Research In Motion sells BlackBerry with camera & music player

Retail

Research In Motion Ltd. introduced the BlackBerry Pearl, a new version of its e-mail phone with media features including a camera and music player. The Pearl will go on sale Sept. 12 in the US through Deutsche Telekom AG's T-Mobile USA unit, Waterloo, Ontario-based Research In Motion said today in a statement. Julie Hunter, a T-Mobile spokeswoman, said a Pearl will cost about $350. Co-CEO James Balsillie aims to attract consumers who buy phones from stores as well as corporate BlackBerry users, as larger competitors including Nokia Oyj and Motorola Inc. offer new mobile e-mail handsets. Smaller rival Palm Inc. yesterday said Q1 sales missed the company's forecast as demand for its Treo phones dried up. “This expands our world,” Balsillie said in an interview yesterday. “It fits with our existing market. It expands the addressable market with media-focused consumers and creates a strong retail demand.” Shares of Research In Motion declined $2.28, or 2.8%, to $79.79 in Nasdaq Stock Market composite trading yesterday. The stock has gained 21% this year. The Pearl has a 1.3 megapixel camera with zoom and flash as well as a trackball navigator, an expandable memory card, Bluetooth capability and phone features including conference calling and voice-activated dialing. The units will cost about $250 with a one-year service contract and about $200 with a two-year agreement, Hunter said. At just more than a 1/2 inch thick, the Pearl is the smallest BlackBerry yet with a face that's about 4 inches long by 2 inches wide. Balsillie declined to give sales targets for it.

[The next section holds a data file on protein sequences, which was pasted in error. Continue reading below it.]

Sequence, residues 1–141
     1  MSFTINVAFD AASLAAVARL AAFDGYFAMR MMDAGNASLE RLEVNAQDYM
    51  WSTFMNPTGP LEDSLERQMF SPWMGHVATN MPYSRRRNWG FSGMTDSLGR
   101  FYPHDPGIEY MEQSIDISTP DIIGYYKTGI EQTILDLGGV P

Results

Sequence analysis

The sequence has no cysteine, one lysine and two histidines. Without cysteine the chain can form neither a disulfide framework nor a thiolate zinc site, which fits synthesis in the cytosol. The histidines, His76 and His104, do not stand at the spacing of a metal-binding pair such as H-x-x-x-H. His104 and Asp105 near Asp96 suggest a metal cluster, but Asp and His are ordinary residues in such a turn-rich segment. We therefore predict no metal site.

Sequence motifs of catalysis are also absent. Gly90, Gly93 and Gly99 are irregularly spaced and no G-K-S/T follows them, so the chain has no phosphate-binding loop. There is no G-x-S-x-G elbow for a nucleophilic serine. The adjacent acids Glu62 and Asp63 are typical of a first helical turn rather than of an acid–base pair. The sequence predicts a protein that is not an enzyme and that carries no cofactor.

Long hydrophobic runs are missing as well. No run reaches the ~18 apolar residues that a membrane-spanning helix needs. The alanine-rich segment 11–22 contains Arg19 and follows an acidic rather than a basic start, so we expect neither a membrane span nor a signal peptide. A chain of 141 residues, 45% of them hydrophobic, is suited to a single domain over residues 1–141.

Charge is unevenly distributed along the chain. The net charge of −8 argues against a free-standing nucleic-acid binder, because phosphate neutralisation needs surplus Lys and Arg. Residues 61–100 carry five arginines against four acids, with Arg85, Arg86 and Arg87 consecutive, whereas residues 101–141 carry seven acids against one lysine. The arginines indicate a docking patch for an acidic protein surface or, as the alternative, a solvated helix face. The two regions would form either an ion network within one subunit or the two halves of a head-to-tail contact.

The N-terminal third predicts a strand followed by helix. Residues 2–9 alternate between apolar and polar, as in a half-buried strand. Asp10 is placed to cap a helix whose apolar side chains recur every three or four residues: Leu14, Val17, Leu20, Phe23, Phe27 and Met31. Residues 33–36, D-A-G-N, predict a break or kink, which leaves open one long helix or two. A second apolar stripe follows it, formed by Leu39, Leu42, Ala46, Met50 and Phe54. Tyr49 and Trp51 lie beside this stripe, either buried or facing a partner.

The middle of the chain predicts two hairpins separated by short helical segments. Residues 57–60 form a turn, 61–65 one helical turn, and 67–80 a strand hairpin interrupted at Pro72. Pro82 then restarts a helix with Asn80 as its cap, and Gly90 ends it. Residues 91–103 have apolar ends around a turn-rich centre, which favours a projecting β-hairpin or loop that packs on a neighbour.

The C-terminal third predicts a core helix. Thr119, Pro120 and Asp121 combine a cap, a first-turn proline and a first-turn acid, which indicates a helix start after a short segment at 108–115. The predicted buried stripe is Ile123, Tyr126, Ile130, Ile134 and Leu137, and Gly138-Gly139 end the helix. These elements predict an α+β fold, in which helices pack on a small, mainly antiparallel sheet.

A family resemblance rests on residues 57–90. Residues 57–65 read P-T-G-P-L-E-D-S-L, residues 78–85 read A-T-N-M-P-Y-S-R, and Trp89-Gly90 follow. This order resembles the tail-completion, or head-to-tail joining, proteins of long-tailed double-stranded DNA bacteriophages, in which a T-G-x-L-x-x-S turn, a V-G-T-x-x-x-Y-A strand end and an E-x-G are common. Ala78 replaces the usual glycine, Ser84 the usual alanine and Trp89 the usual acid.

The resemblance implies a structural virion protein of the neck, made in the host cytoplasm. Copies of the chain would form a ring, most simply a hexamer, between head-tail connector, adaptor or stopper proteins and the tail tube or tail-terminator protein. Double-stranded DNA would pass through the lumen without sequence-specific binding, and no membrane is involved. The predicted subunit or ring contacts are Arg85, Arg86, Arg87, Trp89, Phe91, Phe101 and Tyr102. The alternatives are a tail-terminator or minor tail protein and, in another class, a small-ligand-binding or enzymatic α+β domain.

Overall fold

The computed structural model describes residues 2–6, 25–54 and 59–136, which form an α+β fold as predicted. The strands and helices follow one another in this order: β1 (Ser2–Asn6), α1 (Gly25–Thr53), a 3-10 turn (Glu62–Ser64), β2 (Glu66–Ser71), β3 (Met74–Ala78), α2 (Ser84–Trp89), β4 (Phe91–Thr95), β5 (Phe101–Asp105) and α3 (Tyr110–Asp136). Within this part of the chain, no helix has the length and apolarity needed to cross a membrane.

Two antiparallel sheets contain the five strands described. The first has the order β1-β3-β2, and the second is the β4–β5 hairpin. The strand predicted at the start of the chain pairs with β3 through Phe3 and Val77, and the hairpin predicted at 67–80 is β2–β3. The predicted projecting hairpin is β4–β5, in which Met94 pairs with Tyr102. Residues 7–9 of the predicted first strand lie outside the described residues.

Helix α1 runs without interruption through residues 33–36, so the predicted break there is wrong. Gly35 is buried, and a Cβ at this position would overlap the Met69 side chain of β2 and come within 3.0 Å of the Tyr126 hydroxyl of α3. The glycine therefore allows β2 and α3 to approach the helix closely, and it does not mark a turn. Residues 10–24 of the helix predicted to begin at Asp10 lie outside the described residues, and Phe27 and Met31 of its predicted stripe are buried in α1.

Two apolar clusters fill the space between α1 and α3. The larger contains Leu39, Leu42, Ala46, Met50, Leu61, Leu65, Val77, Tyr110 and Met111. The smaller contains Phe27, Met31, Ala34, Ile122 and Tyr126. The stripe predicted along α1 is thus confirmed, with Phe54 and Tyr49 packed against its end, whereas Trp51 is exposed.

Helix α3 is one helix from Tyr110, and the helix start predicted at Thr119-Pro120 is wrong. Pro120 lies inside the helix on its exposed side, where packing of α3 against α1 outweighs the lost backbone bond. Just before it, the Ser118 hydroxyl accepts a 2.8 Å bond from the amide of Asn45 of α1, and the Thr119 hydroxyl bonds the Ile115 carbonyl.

Research In Motion plans an “aggressive” marketing campaign for the Pearl and will also invest in helping retailers sell the product in stores. The Pearl will debut in other countries in coming weeks, according to Balsillie. The company has been working on the development of the Pearl for more than 30 months as it sought ways to provide consumers with Blackberry e-mail capabilities as well as media functions for personal use, Balsillie said. “You still get full Blackberry, but it addresses those who say they want media capabilities too,” he said. (Bloomberg)

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